I need to come clean about something. Not only am I a huge Uncharted fan, but it’s one of my favourite video game series of all-time. It’s yet to disappoint in any way, shape or form, with a noticeably shiny coat of polish covering each of its previous two entries.
Due to that aforementioned reason, you can surely understand that getting a chance to demo Uncharted 3: Drake’s Deception at Sony’s Holiday 2011 Event in Toronto was right up my digital alley. Especially since they were showing off two stages from the single player campaign, which is admittedly my favourite part of almost every game on the market. I took my time and played through both for quite a while, aiming to write up a detailed preview article to explain my early thoughts. Put on your adventure hat and we’ll get into brass tax.
The first level on offer was chateau; the burning building you perhaps remember seeing in early Uncharted 3: Drake’s Deception gameplay videos. Everything around our hero and his companion, Sully, is going up in smoke, meaning that a quick exit is the only smart move. That becomes their only aim, though some bad guys stand in their way. Not to mention a building which has been destroyed quite a bit, being in need of a push here or there in order to create walkways and paths to safety. Fire sometimes will burn through a wall to create one of these, with the world acting as a more dynamic influence on your journey than ever before.
How reactive the world was to its flaming destructor became a highlight for me as I ran, shot and climbed my way through the doomed chateau. Sully would always try to help find a way forward, though he’d need a lot of help himself, leading the player to climb his or her way across or upward, in order to create a path across for the middle-aged ally. This time around, the cameras used for climbing are a bit more visceral and there seemed to be more upward climbing (across a ceiling for example). Plus, one of those sequences where you must move across a path quickly because debris is raining down upon you, threatening a knock-off death.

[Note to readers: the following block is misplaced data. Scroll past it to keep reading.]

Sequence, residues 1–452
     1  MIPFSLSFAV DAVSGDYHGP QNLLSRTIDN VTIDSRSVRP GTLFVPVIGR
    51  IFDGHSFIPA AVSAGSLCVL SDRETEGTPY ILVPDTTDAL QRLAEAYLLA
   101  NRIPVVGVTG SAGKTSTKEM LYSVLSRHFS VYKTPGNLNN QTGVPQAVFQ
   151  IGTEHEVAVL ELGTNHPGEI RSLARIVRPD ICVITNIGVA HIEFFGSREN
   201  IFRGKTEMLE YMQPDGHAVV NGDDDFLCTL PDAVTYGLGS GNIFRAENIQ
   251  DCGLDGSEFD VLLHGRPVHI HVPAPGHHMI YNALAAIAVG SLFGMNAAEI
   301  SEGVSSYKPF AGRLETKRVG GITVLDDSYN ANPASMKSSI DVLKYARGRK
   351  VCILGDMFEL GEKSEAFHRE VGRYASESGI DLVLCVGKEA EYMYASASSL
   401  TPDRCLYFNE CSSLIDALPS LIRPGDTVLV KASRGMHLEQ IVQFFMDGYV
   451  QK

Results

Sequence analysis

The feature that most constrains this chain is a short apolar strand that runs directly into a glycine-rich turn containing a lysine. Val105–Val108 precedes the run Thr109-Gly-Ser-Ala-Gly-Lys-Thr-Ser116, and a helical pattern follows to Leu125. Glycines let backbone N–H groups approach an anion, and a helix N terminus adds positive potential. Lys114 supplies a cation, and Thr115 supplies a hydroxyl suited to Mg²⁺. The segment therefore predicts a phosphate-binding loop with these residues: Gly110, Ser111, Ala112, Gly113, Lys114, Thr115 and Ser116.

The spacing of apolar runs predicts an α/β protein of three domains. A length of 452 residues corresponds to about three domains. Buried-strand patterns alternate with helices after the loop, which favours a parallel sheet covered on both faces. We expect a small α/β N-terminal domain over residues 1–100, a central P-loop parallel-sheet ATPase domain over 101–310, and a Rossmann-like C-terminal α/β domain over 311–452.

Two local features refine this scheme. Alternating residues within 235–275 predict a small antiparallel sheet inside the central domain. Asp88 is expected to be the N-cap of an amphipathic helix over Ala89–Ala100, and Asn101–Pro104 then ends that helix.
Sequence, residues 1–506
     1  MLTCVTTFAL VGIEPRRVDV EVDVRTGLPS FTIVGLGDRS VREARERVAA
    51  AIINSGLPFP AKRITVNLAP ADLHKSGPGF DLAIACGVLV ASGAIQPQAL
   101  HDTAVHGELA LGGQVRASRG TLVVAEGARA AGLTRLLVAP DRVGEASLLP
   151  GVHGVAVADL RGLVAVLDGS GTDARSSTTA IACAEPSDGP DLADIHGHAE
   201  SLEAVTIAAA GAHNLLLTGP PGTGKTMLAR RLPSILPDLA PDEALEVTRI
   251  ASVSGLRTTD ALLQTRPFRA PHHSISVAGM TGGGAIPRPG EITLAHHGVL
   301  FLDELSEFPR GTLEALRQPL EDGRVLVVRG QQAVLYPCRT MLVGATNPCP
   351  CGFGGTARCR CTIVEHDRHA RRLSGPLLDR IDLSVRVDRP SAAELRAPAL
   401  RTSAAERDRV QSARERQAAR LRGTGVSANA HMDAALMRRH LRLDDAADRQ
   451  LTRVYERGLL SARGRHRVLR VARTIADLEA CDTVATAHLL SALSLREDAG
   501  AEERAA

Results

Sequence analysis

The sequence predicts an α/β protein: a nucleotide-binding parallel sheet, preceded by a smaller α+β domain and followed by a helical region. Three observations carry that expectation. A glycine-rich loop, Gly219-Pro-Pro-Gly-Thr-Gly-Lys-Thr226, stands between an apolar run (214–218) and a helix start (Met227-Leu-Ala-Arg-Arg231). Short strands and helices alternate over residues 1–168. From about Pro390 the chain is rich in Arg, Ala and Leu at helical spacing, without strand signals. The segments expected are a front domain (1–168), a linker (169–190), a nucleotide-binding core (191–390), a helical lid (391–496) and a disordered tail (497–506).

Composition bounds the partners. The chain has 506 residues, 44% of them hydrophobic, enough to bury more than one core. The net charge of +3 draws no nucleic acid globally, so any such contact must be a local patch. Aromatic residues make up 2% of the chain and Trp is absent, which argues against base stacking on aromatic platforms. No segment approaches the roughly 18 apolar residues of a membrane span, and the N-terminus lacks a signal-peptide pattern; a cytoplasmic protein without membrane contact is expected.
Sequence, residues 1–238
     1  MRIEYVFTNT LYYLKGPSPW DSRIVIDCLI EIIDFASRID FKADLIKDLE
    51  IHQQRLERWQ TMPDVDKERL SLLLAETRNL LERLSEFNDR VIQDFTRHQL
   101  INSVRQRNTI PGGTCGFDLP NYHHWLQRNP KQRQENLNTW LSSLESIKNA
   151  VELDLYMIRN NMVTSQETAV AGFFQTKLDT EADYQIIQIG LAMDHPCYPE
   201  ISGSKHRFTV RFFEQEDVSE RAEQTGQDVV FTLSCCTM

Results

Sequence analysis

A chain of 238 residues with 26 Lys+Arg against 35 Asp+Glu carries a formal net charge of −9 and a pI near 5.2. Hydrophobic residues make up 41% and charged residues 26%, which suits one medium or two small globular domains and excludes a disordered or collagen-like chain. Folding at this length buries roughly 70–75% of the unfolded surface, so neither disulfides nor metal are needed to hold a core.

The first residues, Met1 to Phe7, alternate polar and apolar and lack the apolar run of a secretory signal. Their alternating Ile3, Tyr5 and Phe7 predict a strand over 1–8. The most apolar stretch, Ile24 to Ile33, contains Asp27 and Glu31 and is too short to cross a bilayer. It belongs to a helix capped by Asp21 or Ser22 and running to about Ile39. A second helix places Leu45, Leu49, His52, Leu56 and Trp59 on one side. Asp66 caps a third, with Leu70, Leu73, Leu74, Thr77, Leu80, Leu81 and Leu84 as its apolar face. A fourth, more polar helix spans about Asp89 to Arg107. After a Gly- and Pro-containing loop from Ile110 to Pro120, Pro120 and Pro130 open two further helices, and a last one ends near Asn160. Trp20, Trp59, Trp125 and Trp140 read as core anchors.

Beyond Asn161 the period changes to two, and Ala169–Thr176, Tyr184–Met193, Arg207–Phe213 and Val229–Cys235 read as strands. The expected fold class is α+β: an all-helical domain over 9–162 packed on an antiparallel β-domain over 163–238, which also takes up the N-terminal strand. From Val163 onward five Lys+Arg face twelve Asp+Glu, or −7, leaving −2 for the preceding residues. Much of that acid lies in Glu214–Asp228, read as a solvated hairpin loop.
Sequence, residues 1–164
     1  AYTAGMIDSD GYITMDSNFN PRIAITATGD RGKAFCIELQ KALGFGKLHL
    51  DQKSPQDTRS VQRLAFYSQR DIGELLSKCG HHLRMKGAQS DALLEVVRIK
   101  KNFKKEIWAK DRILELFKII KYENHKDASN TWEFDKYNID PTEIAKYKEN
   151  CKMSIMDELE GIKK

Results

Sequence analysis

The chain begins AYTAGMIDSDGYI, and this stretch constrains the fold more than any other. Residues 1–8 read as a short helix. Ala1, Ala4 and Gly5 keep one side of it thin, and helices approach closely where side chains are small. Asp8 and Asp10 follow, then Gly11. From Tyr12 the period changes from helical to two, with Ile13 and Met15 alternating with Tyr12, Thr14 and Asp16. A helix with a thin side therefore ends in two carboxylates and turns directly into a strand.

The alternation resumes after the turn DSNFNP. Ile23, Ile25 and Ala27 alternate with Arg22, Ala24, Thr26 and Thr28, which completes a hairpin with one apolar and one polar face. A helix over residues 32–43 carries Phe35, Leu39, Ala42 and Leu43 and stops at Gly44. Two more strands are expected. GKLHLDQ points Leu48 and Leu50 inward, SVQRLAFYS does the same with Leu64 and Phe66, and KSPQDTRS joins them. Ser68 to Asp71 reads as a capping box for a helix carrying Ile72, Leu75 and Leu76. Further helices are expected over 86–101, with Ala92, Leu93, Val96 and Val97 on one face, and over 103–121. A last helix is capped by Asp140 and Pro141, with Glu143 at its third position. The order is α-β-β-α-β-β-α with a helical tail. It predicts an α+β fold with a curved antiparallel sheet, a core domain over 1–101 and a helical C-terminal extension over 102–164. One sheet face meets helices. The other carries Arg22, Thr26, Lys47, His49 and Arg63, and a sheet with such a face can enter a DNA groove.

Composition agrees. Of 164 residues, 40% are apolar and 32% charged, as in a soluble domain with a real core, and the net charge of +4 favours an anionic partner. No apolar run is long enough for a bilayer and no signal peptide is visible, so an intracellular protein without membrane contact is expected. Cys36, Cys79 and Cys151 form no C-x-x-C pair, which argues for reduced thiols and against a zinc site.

If you’re like me, then you probably spent a lot of time punching out your foes in the last two Uncharted titles. It’s always fun to go on a 1950s adventure movie tangent, where a few punches can dismantle even the toughest enemy. In Uncharted 3, this is still very much a possibility, though the hand-to-hand mechanics have been altered a bit. Now, there’s a greater emphasis on action versus reaction, with Drake sometimes opening himself up to jabs which can be avoided and countered with timed button presses or quick time events. Some large grunts will engage you like this, becoming brief mini-bosses who can absorb quite a few jabs before they tumble backwards.
We all know how great the last two entries in this series looked, which is a continuing trend with Uncharted 3: Drake’s Deception. The chateau’s fire effects are quite impressive, creating some neat lighting effects inside of the environment, as well as on Drake himself. With everything around them crumbling, both of our heroes showed noticeable and life-like emotion, with quality visual and audio effect. Their distress was especially noticeable when Drake’s leg became stuck in a crumbling wooden staircase during their ascent, forcing Sully to return a helpful favour by getting him out as enemies descended from above. The player gets a quick shooting gallery sequence during that time, which was fun, albeit a bit too brief.